Samsung Electronics is throwing down the gauntlet to Apple (NASDAQ:AAPL) and every other electronics and smartphone maker by partnering with Best Buy to open 1,400 "Samsung Experience Shops" within Best Buy locations nationwide. The store-within-a-store concept will allow Samsung to highlight its wares and demonstrate how its smartphone, tablets, TVs, laptops, cameras and other connected devices interact.
Samsung said that by early May, 900 Best Buy and Best Buy Mobile stores will feature the new Samsung mini-stores, with the remainder launching by early summer. Samsung and Best Buy have been testing the concept in six stores thus far.
The only other companies with the product portfolios to launch such a concept are probably Apple, LG Electronics and Sony, but Samsung is now the world's largest handset and smartphone maker and is flexing its muscles. Best Buy employees will be trained to educate consumers on Samsung devices, and Samsung will hire its own staff to demonstrate how its new flagship Galaxy S4 smartphone can transfer content between Samsung devices, for example.
"This effort is the last of a three-legged stool, from products to marketing and now retail," Ketrina Dunagan, vice president of retail marketing for Samsung Mobile's U.S. unit, told Bloomberg.
Indeed, the retail expansion dovetails with a ramping up of Samsung's marketing budget. After being outspent by Apple in 2011, Samsung spent $401 million last year advertising its phones in the United States, outpacing Apple's $333 million, according to data from ad research and consulting firm Kantar Media and cited in the Wall Street Journal.
The placement inside Best Buy is another way for Samsung to extend the presence of its brand. "70 percent of the U.S. population is within 10 miles of a Best Buy," Dunagan noted to The Verge.
For Best Buy, the alignment with Samsung gives it a chance to hitch its star to the world's most popular global smartphone maker at a time when the company will be making a major marketing push for the Galaxy S4. Best Buy has struggled in recent years in the face of intensifying competition from the likes of Walmart as well as online alternatives like Amazon. However, for the quarter ended Feb. 2, Best Buy reported its first same-store sales gain in more than a year and trimmed its loss to $409 million, compared with a loss of $1.82 billion in the year-ago period, according to the Journal.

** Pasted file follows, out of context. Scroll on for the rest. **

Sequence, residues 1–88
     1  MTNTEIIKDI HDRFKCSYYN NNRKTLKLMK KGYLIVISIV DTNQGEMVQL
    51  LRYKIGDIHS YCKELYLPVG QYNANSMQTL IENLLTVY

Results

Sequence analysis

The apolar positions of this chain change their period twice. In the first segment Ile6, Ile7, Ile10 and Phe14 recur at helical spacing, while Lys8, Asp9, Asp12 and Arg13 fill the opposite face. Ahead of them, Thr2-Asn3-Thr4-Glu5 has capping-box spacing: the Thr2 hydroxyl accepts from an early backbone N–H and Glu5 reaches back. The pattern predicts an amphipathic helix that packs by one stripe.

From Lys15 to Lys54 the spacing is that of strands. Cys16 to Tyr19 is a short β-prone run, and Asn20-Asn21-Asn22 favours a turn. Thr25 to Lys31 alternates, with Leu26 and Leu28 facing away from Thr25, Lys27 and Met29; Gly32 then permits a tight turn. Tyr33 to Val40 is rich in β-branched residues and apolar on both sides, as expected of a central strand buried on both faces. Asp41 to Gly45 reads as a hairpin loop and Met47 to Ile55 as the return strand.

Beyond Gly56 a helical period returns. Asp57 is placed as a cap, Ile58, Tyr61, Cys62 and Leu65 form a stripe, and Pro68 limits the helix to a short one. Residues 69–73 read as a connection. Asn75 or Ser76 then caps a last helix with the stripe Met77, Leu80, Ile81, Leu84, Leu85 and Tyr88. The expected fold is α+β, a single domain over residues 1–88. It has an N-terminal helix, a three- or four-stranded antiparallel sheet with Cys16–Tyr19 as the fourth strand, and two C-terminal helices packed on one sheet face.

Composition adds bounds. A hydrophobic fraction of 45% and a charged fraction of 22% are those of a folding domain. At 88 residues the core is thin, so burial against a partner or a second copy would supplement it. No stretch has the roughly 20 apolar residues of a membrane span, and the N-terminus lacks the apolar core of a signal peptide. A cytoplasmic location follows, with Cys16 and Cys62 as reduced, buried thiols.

"This is part of our Renew Blue transformation strategy--working closely with vendor partners to innovate and drive value, while also updating our stores to focus on growing and profitable categories," Shawn Score, head of U.S. Retail for Best Buy, said in a statement. "Our promise to our customers is simple: We're committed to providing the best value, service and selection. Our partnership with Samsung on the Samsung Experience Shop is another way we're delivering on that promise."
For Apple, the Samsung mini-stores mean that Apple has another front to compete against Samsung. Apple has around 400 bricks-and-mortar retail stores around the world, according to the New York Times. Apple also has mini-stores inside Best Buy locations and deals with retailers like Walmart and Target to display its iPhones and iPads.
Samsung's expansion could spell even greater trouble for smaller smartphone rivals, especially HTC. HTC's One smartphone will go on sale later this month through AT&T Mobility (NYSE:T), Sprint Nextel (NYSE:S) and T-Mobile USA and at Best Buy, but the marketing push Samsung is making will likely dwarf HTC's efforts. HTC has said it will increase its digital marketing budget by 250 percent this year compared with 2012, and will increase its traditional media marketing spending by 100 percent.
Samsung is paying Best Buy for the right to have its products placed so prominently in Best Buy stores, but Samsung declined to say how much. Dunagan told The Verge that Samsung would rather partner with a retailer than build its own standalone stores. "We felt that this partnership was the quickest way to address consumer needs," she said.
- see this release
- see this AllThingsD article
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- see this WSJ article (sub. req.)
- see this The Verge article
- see this Bloomberg article
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